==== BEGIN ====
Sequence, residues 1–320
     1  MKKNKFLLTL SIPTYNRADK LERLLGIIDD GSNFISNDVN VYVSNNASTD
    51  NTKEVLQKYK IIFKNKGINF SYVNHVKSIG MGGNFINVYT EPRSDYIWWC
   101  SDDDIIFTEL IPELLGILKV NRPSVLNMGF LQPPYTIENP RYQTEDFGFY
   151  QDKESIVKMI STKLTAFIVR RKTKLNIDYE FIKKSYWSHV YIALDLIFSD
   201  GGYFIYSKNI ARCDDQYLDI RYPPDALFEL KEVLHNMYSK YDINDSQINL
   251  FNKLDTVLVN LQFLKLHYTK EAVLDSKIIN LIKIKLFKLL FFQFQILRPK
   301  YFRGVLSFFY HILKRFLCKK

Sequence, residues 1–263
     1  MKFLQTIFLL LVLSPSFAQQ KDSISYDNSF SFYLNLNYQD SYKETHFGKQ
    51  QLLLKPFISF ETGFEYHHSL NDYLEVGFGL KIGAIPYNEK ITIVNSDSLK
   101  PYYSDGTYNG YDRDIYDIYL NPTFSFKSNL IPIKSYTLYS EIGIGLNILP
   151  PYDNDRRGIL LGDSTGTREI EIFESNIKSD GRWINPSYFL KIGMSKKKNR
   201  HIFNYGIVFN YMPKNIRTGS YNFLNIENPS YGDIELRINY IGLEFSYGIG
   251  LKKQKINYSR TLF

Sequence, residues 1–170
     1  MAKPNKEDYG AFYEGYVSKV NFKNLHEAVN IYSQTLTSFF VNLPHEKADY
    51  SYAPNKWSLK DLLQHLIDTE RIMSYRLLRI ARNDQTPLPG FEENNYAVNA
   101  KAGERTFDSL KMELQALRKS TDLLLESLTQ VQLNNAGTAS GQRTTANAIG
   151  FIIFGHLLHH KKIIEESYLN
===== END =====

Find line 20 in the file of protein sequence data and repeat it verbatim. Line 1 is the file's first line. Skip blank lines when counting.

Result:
   151  FIIFGHLLHH KKIIEESYLN